Texas Private Universities Earn Reputations for Research
Private universities in Texas such as Rice University, Trinity University and Southern Methodist University, are making strong advances in research.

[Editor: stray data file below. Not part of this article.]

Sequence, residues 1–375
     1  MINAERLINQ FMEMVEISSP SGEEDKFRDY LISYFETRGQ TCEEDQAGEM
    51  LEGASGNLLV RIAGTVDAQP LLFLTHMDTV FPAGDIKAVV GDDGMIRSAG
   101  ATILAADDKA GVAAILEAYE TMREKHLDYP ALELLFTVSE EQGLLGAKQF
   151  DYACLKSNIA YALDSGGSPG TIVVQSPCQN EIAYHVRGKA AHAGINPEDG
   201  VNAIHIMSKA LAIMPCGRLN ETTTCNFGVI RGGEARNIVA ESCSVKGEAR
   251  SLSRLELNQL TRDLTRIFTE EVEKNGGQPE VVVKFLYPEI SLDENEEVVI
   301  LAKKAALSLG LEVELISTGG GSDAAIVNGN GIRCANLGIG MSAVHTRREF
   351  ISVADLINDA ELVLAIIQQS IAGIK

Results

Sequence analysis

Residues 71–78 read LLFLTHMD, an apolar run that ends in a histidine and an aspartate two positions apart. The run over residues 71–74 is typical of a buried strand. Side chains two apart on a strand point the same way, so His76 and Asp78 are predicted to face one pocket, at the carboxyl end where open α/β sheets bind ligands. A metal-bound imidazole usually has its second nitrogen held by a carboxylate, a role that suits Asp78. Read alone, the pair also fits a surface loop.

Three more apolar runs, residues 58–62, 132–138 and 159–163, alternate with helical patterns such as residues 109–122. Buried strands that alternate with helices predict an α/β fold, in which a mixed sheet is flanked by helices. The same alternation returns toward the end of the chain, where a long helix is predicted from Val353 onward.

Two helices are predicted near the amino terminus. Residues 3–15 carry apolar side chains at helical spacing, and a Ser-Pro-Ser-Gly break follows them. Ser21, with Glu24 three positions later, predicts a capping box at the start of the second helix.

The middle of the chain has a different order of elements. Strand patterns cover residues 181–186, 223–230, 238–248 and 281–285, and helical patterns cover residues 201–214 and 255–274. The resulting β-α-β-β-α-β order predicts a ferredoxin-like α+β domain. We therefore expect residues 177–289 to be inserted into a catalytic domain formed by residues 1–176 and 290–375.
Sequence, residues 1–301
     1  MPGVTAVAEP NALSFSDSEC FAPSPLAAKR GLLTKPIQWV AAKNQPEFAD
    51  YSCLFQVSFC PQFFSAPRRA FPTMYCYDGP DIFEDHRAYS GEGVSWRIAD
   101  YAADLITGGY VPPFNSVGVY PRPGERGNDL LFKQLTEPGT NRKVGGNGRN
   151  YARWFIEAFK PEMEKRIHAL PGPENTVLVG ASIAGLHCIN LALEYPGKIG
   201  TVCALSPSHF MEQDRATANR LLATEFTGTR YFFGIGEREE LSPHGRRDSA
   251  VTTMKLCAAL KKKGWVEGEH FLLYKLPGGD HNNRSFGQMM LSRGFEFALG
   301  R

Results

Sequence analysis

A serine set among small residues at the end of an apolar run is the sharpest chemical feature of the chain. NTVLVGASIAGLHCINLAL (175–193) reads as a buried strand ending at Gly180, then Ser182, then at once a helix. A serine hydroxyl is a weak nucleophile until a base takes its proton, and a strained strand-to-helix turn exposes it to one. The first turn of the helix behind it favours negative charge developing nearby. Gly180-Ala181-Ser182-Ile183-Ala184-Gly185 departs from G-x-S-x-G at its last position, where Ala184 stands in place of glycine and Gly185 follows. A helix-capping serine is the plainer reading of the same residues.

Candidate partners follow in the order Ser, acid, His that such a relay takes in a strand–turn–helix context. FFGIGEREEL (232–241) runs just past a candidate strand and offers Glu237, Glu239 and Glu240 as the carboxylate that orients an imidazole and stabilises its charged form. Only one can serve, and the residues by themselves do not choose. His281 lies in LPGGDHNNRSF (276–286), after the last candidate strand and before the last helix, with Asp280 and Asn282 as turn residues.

Its public university systems are the envy of the nation, but Texas can also lay claim to some of the country's best private higher education institutions, which have established reputations that extend far beyond state boundaries and the United States. Rice University in Houston was named among the top 25 Best Colleges in America by Forbes magazine in 2011. And Rice, along with Baylor University in Waco, Southern Methodist University in Dallas and Trinity University in San Antonio were named by Kiplinger's magazine on its list of Best Values in Private Colleges in fall 2011. While their enrollment may not be as large as some of their public university counterparts, their academic programs and research initiatives are no less impressive. Rice University, with an enrollment of about 6,200, is currently involved in one of the most intense nanotechnology efforts in the nation, with students and faculty working on engineering projects to design low-cost solutions for medical treatments. One of the projects, known as Lab-on-a-chip, is developing technology that will allow blood or saliva to be analyzed instantaneously instead of having to wait for lab results. A key goal with Lab-on-a-chip is to have it be low cost, and perhaps eventually become a home device so people can quickly diagnose their own ailments. “We are one of the top nanotechnology research universities in America, even the world,” says David Leebron, president of Rice University. “We just opened a National Space Biomedical Research Institute, working on highly portable medical diagnostic devices that are important in sending astronauts into space. However, research there will also ultimately help to change many aspects of health care in the United States, to hopefully reduce costs.” Leebron says Rice is able to attract top researchers in part because the university's 300-acre campus is close to major companies based in Houston, the fifth-largest metro area in the country. Many of the companies are in growth industries, including energy technology and life sciences. “We are a small research university at 6,000 students, but we make an impact beyond our size," he says. "Our medical and energy research will hopefully lead to solutions for solving some of the problems facing Houston, Texas and America.” Best Values List Southern Methodist University is one of 96 universities classified as High Research Activity Institutions by the Carnegie Foundation for the Advancement of Teaching "One of our many interesting current projects is developing artificial limbs that 'feel', which involves the development of two-way, fiber-optic communication between the human brain and artificial limbs," says Kent Best, SMU executive director of news and communications. The university, with an enrollment of about 11,000, drew more than $25.6 million in external funding for research and sponsored projects in the 2009-10 academic year. Its researchers have advanced understanding and treatment for a number of diseases, including Parkinson’s and Alzheimer’s, diabetes, childhood obesity and African sleeping sickness. Productive Collisions Trinity University, with 2,600 students, offers 41 academic majors and five master's programs. The university is bolstering its research efforts with construction of a new Center for the Sciences and Innovation. “The center will be a 280,000-square-foot complex of glass walls that will demystify the sciences, and draw students into science," says Sharon Jones Schweitzer, Trinity University assistant vice president for communications. "We opened one wing of the new building in January 2012, and the remainder is under construction and will open in 2014.” Schweitzer says the center allows different science departments to be near one another, which encourages collaboration between researchers. “For example, neuroscience research can involve psychology and biology professors working together, and the same goes with chemistry and biochemistry,” she says. “This facility will bring about many productive collusions, not only with our students doing research projects, but also with our research faculty members.”